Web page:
Credit card industry trends to watch for in 2021

Each year, CreditCards.com asks the experts to predict what the credit card landscape will be like in the coming year.

Read industry gurus’ forecasts now and see what changes credit card issuers might have in store for 2021.

See related: Best credit cards of 2021

More flexibility in card offers

Steven Dashiell, credit cards expert for Finder, expects the exceptional welcome offers and expanded reward opportunities we saw throughout 2020 will continue into 2021.

“These card adjustments were a response to evolving consumer spending habits during the pandemic and I foresee these spending habits lasting well through 2021,” Dashiell said.

Nishank Khanna, chief financial offer for Clarify Capital, noted that consumers are spending more on essential goods than discretionary items, so credit cards will likely offer more benefits for groceries and home goods.

“We can expect to continue to see flexibility with card offers, with many card issuers providing cash back options and diverse opportunities for the cardholder to decide how she or he spends rewards,” Khanna said.

This move is especially important for consumers who are exploring the perks they can get as they battle the impact of lockdowns and travel restrictions.

‘Buy now, pay later’ options will be more in demand

Given the current financial climate, consumers have gravitated toward alternative payment methods such as buy now, pay later options, said Imani Francies, a financial expert at USInsuranceAgents.com.

These services allow consumers to make large purchases by paying only a percentage of the total cart amount – they are then expected to make biweekly or bimonthly payments until the entirety of the purchase amount is paid off.

But Francies warned that if this way of paying becomes too addicting, people may start using credit cards to keep up with their payment plans, which could hurt their credit scores and transform the buy now, pay later option into a negative experience.

contactless payment technologies, said Vince Granziani, CEO of IDEX Biometrics.

For example, biometric fingerprint technology allows the user to make touchless payments via a fingerprint stored on a credit card that is safe, secure and unique to that individual.

The global demand for biometric technology in the payments industry is robust and will accelerate as business returns to a new normal in 2021 and beyond, Granziani predicted.

In 2021 and beyond, biometric smart cards will also become increasingly necessary to combat payment fraud. These cards prevent hackers from stealing your PIN or fingerprint data since it’s all stored directly on your card.

Therefore, if anyone were to steal or attempt using your card, they couldn’t do it without your fingerprint to activate a transaction, Granziani said.

Biometric cards have multiple uses, capable of holding passports and driver’s licenses ­– even library cards and travel passes – while holding your payment details all in one place, he added.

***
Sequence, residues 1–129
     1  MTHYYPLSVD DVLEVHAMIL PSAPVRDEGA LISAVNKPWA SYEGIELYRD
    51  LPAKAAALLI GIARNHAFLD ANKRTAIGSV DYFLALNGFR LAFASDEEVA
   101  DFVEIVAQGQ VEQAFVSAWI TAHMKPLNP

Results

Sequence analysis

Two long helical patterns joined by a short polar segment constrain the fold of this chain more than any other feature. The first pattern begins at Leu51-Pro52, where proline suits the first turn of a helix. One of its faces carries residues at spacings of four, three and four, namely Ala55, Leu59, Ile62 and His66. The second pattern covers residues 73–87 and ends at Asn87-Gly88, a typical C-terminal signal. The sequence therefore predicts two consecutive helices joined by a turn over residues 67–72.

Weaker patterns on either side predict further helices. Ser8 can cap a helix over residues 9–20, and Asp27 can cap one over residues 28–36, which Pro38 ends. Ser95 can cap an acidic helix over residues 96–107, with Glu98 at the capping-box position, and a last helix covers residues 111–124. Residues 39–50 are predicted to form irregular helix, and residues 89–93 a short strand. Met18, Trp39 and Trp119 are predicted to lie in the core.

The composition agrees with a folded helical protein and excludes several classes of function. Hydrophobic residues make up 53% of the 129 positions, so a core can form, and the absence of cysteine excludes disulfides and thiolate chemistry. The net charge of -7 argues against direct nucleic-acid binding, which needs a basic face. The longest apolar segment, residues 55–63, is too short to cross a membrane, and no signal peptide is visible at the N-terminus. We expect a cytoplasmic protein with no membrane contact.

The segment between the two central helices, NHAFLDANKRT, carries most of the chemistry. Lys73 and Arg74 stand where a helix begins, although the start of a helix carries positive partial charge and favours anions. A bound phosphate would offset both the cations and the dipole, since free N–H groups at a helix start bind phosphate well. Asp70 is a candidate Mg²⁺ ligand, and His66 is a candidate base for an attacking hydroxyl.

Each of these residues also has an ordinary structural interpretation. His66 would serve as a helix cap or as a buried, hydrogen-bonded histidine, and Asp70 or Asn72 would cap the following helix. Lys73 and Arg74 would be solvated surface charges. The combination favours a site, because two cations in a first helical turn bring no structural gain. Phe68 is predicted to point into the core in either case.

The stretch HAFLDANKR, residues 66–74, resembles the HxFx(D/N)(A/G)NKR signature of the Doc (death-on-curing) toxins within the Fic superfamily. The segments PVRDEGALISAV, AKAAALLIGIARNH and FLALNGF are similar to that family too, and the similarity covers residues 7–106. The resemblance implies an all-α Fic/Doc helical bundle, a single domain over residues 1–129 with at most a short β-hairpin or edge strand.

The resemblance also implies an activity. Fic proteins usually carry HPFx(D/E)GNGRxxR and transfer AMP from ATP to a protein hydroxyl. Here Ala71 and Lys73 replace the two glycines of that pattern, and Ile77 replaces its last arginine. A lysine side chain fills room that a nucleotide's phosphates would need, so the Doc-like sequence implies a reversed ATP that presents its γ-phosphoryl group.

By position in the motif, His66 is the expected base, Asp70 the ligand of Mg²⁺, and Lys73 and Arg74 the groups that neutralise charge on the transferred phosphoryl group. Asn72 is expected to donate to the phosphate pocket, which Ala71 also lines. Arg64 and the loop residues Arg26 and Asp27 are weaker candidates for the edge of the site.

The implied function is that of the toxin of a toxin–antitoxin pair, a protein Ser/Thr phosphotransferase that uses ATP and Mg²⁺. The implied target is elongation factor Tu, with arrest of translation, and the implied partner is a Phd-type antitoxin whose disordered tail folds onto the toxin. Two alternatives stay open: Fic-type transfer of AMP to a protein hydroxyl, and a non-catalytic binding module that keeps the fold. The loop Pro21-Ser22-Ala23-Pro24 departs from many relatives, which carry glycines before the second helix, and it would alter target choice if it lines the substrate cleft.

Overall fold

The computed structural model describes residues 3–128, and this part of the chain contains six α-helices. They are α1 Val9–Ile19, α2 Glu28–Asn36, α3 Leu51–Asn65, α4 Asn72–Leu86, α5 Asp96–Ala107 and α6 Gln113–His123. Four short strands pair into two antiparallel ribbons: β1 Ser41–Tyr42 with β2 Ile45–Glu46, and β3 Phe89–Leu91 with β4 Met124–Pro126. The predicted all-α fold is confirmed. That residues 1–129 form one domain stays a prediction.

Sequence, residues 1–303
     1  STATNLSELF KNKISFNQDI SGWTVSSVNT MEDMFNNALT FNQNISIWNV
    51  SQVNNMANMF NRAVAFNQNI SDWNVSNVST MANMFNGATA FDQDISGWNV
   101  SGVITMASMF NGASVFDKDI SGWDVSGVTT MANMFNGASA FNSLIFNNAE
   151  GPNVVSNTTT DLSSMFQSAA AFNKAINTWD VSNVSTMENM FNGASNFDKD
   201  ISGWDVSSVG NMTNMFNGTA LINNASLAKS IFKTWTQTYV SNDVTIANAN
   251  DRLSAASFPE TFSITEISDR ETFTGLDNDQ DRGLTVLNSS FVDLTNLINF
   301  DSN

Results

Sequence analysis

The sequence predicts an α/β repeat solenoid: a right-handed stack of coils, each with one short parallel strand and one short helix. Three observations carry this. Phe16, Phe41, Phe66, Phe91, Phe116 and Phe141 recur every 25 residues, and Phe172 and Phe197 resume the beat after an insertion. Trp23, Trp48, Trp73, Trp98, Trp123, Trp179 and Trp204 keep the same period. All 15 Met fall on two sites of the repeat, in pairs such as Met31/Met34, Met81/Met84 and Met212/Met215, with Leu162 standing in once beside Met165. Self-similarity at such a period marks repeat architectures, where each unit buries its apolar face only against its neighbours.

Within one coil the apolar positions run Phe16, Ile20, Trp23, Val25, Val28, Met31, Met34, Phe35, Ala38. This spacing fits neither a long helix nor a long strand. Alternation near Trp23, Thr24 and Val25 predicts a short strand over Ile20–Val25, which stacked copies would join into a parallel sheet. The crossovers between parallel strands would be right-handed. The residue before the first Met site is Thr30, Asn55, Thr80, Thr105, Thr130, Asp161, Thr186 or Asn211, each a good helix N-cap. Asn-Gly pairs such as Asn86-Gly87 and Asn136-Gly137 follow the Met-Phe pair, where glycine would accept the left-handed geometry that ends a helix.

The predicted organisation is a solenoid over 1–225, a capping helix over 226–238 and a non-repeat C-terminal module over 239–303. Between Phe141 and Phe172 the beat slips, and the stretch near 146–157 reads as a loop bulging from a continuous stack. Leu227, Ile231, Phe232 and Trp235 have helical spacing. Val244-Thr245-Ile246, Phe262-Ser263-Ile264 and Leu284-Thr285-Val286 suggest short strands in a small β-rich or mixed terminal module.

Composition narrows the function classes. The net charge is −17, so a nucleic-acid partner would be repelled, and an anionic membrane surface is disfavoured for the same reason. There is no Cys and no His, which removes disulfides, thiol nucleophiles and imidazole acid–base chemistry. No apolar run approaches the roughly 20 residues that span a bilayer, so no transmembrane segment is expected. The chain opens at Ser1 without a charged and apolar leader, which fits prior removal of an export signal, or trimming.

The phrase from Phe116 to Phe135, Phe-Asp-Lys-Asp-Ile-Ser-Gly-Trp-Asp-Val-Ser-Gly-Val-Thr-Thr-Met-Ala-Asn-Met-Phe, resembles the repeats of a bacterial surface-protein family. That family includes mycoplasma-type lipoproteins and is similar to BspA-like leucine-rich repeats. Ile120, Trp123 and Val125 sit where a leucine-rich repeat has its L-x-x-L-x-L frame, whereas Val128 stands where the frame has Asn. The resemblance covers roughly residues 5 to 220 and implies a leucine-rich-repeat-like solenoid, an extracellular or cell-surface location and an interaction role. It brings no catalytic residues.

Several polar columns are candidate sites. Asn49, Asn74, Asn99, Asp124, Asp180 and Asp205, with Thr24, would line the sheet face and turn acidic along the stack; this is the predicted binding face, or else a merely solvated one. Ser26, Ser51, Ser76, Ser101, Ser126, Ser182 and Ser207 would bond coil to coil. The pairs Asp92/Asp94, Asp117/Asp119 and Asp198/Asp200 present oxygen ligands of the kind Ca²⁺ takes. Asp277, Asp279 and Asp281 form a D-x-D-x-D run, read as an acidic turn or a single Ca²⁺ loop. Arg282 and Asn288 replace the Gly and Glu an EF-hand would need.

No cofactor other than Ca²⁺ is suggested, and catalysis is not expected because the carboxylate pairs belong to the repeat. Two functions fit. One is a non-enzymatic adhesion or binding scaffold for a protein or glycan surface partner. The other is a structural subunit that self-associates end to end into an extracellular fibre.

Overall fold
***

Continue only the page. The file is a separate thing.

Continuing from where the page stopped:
See related: Credit card scams in the time of coronavirus

Increased transparency will be the name of the game

Charles Tran, founder of CreditDonkey, forecast that credit card companies will offer increased transparency in 2021.

Transparency has always been a significant factor in the financial industry and it’s becoming an essential point of focus considering the tough times we are in, so credit cards will have to offer simplicity and utility to stand out.

“This will include transparency in the reward systems, fewer hidden fees, complimentary credit score monitoring and easier rewards redemption,” Tran added.

See related: 2020 credit card fee survey – What happened to 0% balance transfer offers?

Issuers may get tougher on delinquent debtors

Adem Selita, CEO and co-founder of The Debt Relief Company, sees an unsettling trend happening with regard to cross-collateralization, a method lenders use to secure one type of loan with the collateral from another.

For example, if you bought a car from a credit union and didn’t keep up with the payments, the credit union could repossess the car to satisfy your loan.

Selita believes credit card companies will become more aggressive regarding credit card defaults – depending on how the economy unfolds in the intermediate term – and even add features like collateralization to use consumers’ funds to pay their delinquent credit card bills.

In addition, Selita said, an updated law that goes into effect in 2021 will allow debt collectors to contact debtors via social media channels, text and voicemail.

And although they are not allowed to use social media to harass debtors, Selita said it still amounts to “essentially stalking consumers behind on their credit card bills and in default.”

2021 will be a comeback year for credit cards

There will still be some pain in terms of delinquencies and difficulty accessing credit, but 2021 will be a comeback year for credit cards, according to Ted Rossman, industry analyst for CreditCards.com.

The news of an effective COVID vaccine bodes well for a return to travel, dining and other discretionary spending that is so important for credit card companies.

But the improvement won’t be immediate or evenly distributed, Rossman warned.

Unfortunately, many consumers will fall behind on their payments, especially as stimulus and hardship programs wear off.

Many banks are expecting delinquencies to peak around mid-2021, although there’s still a fair amount of uncertainty around that.

This trend should keep a lid on 0% balance transfers and access to credit for people with lower credit scores, but the rebound will mean more competition for people with high credit scores and incomes, Rossman predicted.

“We’re already seeing some of this with the recent Capital One Venture Rewards Credit Card bonuses, and in 2021 I think we’ll see even hotter competition for the most creditworthy applicants.” he said.